Figure 3. Plasma retention magnets for the ITER Tokamak. (Assembly Building)

Engineers at ITER have established a numerical goal for the Tokamak: it is to produce ten times more energy than the energy input required to heat the plasma. This objective is represented by the factor Q, which is the ratio of energy output to energy input. In this instance, Q should be greater than or equal to 10. However, this calculation does not consider the energy necessary to maintain the reaction and to control the highly energy-intensive magnets. This distinction is crucial for understanding the efficiency and potential viability of nuclear fusion as an energy source, highlighting the technical challenges that still need to be addressed to achieve a sustainable and controlled fusion reaction.

Having been able to talk with fusion engineering experts, we have gained knowledge of valuable insights into the current challenges facing the assembly of the Tokamak. It is well known already that the project has experienced some delays over the years, attributable in part to the pandemic and in part to the inherent complexity of undertaking projects of this magnitude.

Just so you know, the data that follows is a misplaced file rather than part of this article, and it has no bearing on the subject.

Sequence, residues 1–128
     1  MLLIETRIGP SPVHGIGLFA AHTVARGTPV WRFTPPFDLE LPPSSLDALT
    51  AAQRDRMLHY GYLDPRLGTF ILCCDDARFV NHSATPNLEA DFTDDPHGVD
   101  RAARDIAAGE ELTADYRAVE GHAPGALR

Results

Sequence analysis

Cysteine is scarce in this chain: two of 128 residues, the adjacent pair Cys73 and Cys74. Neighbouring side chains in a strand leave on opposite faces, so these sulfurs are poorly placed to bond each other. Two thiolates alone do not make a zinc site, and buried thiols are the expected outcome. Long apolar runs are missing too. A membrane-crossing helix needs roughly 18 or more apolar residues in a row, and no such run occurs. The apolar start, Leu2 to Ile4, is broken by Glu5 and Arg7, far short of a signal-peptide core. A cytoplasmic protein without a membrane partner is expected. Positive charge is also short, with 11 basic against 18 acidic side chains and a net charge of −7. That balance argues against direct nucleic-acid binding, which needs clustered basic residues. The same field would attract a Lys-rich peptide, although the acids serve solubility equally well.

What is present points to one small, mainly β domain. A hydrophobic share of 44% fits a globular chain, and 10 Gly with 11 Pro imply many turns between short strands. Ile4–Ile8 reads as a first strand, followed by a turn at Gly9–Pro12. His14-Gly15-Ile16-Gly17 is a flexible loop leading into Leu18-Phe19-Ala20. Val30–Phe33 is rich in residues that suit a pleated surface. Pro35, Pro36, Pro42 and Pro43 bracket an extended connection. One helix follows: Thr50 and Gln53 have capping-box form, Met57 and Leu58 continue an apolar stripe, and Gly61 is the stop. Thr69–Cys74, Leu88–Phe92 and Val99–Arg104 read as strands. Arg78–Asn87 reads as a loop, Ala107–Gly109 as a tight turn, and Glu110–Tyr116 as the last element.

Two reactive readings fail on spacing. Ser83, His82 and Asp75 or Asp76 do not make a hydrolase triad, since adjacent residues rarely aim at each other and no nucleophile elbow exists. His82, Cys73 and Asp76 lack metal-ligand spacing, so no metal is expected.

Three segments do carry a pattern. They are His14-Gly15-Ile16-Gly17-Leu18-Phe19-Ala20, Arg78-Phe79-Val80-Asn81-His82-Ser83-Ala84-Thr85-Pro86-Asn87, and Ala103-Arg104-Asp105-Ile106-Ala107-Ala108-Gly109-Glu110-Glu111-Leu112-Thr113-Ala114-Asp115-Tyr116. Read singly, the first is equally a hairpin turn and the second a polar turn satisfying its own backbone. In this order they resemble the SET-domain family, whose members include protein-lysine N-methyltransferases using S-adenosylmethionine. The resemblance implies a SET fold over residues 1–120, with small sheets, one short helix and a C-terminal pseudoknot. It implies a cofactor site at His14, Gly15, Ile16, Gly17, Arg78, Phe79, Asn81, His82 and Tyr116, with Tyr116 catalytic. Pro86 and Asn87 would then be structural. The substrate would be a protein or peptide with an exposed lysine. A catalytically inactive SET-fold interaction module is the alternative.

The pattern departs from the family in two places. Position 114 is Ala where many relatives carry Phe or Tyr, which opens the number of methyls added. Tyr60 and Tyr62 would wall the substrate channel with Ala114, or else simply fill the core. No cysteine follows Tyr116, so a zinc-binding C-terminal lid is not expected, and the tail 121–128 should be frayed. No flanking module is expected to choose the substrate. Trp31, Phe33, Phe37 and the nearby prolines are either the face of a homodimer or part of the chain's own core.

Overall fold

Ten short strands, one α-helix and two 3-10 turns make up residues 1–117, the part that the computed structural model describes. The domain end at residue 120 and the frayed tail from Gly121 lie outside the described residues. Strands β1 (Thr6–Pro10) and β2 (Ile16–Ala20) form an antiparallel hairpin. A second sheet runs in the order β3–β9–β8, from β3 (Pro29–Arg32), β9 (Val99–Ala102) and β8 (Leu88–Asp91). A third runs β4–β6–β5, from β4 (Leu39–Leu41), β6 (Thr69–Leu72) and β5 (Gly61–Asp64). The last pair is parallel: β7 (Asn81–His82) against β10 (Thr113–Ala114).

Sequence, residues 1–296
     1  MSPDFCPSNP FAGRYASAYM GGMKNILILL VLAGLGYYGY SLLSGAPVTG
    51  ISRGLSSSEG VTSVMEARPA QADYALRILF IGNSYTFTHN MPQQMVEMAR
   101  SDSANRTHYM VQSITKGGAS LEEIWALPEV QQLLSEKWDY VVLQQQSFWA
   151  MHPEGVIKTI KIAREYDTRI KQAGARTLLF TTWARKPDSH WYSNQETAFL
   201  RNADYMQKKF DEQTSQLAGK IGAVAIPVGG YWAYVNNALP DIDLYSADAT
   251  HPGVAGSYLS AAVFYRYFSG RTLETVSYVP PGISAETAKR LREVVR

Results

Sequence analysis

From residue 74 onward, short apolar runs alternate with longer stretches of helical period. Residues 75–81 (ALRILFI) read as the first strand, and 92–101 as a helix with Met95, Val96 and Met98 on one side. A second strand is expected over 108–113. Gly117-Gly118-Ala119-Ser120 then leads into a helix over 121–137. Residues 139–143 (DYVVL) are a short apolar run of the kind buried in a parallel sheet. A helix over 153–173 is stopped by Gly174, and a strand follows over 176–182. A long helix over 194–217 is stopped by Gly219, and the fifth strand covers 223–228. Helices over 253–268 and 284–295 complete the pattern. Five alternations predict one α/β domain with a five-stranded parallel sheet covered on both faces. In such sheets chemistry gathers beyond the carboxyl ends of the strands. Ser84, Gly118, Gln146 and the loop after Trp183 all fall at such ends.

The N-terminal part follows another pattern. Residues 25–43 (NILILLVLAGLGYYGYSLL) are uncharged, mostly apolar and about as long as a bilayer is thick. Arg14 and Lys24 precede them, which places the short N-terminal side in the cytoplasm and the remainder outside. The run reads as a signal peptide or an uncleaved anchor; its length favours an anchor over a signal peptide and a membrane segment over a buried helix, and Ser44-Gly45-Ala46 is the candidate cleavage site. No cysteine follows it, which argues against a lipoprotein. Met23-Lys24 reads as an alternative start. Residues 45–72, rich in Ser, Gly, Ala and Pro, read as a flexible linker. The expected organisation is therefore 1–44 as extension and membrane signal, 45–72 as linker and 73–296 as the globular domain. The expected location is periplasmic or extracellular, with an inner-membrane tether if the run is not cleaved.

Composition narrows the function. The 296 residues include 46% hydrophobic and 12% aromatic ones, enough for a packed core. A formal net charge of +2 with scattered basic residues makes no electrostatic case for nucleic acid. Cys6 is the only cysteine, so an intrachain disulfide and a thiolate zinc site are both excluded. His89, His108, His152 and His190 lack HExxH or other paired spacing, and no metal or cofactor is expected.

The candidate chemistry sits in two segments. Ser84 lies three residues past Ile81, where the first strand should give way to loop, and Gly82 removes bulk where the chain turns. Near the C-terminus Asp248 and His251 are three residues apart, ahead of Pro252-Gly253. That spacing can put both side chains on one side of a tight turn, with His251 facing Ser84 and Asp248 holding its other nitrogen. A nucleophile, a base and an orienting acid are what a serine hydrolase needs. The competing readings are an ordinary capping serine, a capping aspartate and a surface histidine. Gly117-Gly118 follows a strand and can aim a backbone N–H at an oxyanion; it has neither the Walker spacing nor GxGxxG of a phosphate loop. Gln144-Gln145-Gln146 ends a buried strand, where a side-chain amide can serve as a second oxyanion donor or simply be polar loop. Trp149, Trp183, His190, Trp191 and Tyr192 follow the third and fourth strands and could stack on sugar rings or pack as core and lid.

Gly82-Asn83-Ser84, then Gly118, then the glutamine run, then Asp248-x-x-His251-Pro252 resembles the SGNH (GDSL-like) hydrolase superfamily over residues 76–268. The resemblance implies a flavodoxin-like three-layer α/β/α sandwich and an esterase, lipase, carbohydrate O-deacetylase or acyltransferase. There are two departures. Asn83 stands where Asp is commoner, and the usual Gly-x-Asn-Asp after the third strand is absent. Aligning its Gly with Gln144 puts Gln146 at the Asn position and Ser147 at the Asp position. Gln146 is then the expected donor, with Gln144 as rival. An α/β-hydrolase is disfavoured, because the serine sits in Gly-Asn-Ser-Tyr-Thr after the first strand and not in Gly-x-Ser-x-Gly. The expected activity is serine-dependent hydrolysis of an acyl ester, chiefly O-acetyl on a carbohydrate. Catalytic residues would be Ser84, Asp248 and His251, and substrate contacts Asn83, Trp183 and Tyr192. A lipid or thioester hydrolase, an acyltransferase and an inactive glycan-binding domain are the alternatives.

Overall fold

The construction of the world’s largest Tokamak demands engineering innovations that have never been applied before, necessitating the continuous development of new techniques to accomplish this monumental task. A prime example highlighted is the creation of the giant electromagnets (Figure 3), designed to contain the super-heated plasma necessary to convince atoms to fuse. Such magnets are unprecedented in their development, embodying the principle of trial and error due to their complexity and massive size.

Their manufacture is so intricate and time-consuming that any minor setback can lead to significant delays. Additionally, other challenges, such as pipe corrosion, have been identified as obstacles to progress. This is representative of the innovative nature of the project, and constantly pushes current technological capabilities and testing to solve new problems. However, ITER engineers assure that sooner or later the reactor will produce energy and they were confident in achieving their energy generation output goals, emphasising that even an outcome close to the set goal would be considered as an important victory for the project, the nuclear sector, and the energy sector.

Engaging the Next Generation

Figure 4. Proposed ideas and framework of a group of Physics Professors, during the afternoon workshop